CINCINNATI — Carlos Dunlap walked into the Cincinnati Bengals locker room and noticed a group of videographers and reporters waiting by his locker in a far corner of the room.
“Y’all looking for me?” he said.
Indeed, Dunlap was the focus on the first day of mandatory minicamp after skipping most of the voluntary offseason workouts in Cincinnati. The ninth-year defensive end chose to work out on his own while his agent negotiated a new deal with the team, costing him $300,000 in bonuses.
Rather than skip the minicamp as well, he decided to catch up on what he’s missed with a new defense being implemented.
Plus, he’s encouraged by the progress made on a deal that would keep him in Cincinnati well beyond 2018.
“There are no hard feelings between any of us,” Dunlap said Tuesday. “This is the process. Both sides understand it.”
Dunlap is a key to the Bengals’ hopes of a turnaround this season. They slid to 18th in the league overall and 30th against the run last season while missing out on the playoffs for a second straight year. Coordinator Paul Guenther left to join Jon Gruden with the Raiders, and Teryl Austin was hired as his replacement.
Dunlap has been a game-changer in Cincinnati with his ability to rush the quarterback and bat down passes. He’s second on the team’s career sacks list with 64½, and he’s been the best lineman in the league at batting down passes over the past few seasons.
Coaches have been trying to get him to be more consistent not only from game-to-game, but within games as well. His number of plays could diminish this season as Cincinnati integrates some of its young pass rushers into the line rotation.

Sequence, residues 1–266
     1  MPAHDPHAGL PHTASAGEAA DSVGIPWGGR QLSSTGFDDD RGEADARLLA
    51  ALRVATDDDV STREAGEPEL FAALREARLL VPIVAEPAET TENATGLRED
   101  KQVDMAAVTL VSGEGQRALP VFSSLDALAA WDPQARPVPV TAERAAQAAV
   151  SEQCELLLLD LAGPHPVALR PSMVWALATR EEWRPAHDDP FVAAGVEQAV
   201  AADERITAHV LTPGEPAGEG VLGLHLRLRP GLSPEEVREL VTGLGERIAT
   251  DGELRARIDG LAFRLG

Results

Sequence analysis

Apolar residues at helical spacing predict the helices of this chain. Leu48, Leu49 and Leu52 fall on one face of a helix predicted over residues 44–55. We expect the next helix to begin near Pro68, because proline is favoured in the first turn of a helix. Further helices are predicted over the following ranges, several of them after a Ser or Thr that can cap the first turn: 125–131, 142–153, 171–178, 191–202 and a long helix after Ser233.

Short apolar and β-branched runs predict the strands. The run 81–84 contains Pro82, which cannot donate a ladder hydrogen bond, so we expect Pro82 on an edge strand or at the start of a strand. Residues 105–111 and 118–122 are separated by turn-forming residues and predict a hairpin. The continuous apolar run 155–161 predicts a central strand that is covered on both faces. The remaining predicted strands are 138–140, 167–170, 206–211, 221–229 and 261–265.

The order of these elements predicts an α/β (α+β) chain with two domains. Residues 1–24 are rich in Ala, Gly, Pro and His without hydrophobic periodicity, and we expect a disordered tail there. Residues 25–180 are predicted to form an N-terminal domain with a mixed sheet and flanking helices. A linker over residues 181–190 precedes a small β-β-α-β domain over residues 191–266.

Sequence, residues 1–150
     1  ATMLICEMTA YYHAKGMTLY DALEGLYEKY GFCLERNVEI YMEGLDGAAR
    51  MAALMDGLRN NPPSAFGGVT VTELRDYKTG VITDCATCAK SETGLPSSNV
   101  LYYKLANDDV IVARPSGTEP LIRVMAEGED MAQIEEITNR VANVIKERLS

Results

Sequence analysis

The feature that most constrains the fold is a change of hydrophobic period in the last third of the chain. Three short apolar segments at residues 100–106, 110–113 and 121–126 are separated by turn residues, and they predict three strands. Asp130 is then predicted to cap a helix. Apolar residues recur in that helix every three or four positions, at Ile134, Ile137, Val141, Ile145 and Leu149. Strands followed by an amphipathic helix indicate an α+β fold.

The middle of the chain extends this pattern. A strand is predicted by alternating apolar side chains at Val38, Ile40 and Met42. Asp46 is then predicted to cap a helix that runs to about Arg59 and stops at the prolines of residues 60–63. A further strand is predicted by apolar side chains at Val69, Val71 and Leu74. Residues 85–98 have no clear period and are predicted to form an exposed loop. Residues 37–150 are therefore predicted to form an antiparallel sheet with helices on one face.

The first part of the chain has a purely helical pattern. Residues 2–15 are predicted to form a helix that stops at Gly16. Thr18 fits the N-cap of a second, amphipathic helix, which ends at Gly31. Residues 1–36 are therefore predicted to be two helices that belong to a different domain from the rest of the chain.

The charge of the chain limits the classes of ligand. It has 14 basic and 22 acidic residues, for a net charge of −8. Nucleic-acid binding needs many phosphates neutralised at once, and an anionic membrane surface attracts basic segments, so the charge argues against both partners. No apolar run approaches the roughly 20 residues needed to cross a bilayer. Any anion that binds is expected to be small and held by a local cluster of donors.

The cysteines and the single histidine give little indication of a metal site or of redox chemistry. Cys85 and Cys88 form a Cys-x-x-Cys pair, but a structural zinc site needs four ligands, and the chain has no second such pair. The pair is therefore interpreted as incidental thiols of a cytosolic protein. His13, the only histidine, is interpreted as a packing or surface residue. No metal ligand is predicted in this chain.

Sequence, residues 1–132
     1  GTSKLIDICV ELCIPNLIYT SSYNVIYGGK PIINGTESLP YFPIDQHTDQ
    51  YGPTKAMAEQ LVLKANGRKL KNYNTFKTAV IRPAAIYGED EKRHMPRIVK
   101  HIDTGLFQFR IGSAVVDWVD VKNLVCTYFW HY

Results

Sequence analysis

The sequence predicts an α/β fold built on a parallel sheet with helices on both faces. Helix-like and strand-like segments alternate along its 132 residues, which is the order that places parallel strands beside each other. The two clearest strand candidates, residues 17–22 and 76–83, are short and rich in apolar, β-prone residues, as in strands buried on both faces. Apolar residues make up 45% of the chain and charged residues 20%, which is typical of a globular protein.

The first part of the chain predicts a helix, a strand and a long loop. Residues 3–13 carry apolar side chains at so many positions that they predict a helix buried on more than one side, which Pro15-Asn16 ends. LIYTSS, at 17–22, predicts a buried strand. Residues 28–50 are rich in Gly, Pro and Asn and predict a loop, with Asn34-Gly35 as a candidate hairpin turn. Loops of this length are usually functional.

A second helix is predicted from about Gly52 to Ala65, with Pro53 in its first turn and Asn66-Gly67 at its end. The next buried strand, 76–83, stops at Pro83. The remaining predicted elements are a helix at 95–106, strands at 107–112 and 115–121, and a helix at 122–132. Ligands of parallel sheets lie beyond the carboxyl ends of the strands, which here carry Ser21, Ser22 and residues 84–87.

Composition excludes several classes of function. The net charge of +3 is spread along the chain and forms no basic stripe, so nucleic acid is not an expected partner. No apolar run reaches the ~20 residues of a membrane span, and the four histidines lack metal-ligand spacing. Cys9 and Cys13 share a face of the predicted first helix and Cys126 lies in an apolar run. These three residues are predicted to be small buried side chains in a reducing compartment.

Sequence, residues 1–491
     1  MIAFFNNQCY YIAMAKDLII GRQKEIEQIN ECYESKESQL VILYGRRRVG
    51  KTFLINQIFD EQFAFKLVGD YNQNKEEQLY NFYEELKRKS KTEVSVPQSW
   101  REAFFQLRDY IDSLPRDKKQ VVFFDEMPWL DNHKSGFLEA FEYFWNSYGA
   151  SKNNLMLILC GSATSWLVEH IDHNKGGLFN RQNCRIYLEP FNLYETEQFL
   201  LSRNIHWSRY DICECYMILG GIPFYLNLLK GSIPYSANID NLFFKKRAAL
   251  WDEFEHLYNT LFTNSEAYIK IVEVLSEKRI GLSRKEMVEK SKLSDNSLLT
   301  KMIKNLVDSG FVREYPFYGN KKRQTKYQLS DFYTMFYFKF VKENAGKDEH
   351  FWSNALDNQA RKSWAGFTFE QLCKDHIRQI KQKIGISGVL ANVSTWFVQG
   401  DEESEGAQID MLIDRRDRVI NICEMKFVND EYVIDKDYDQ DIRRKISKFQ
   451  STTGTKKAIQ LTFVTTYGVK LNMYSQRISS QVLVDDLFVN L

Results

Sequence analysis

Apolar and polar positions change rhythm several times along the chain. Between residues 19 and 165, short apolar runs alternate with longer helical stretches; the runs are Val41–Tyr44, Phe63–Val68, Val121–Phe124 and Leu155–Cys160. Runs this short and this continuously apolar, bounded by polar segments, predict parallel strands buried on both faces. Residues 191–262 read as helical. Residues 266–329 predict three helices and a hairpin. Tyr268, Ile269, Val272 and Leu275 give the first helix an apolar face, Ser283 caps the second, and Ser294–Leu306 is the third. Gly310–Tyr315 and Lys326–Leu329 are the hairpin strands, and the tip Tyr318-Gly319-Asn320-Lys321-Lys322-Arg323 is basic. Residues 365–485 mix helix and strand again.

Carl Lawson had 8½ sacks last season, the most by an NFL rookie and one sack shy of Dunlap’s team rookie record from 2010.
“They’re very adamant about having a big rotation, and I would too with all this talent on the D-line,” Dunlap said.
Dunlap and tackle Geno Atkins have anchored the line since 2010. Atkins leads the NFL in sacks by an interior lineman over the past few years. Dunlap had a career-high 13½ sacks in 2015, but slipped to 8 the following season and 7½ last year, third on the team.
By working out on his own the past few months, he missed a chance to learn the system implemented by Austin. He said the biggest change is in terminology.
“They’re pretty much similar in scheme — minor tweaks here or there — but they’re things we already had in our defense,” Dunlap said. “So it’s not like a full spring cleaning or anything.”
Coach Marvin Lewis said Dunlap won’t get much time on the field during the three-day minicamp because he’s missed so much practice time.
“It’s a chance for him to get a preview of what will happen during training camp,” Lewis said. “He’ll get very limited repetitions (in minicamp) just because these guys have been working here for an amount of weeks and he hasn’t been here.”
Woodside charged: Rookie quarterback Logan Woodside — a seventh-round pick from Toledo — practiced Tuesday after arraignment in northern Kentucky. He was charged over the weekend with speeding and driving under the influence in Bellevue, Kentucky, according to information in his case file in Campbell County District Court. The Bengals said they’re aware of the matter and gathering information. Lewis declined further comment.
Eifert missing: Tight end Tyler Eifert was in the locker room but didn’t participate in the afternoon practice. Lewis declined to say why the often-injured tight end wasn’t on the field. “He was here all morning and then all of a sudden he wasn’t,” Lewis said. “I’m sure he’s being dealt with in some kind of medical fashion. That’s the only reason a guy wouldn’t be here.”
Eifert was limited to two games last season because of chronic back problems. He signed a one-year deal after the season. Lewis said Eifert has been doing well so far in his latest comeback.
“When we start to play football, then we’ll have an idea where he is,” Lewis said.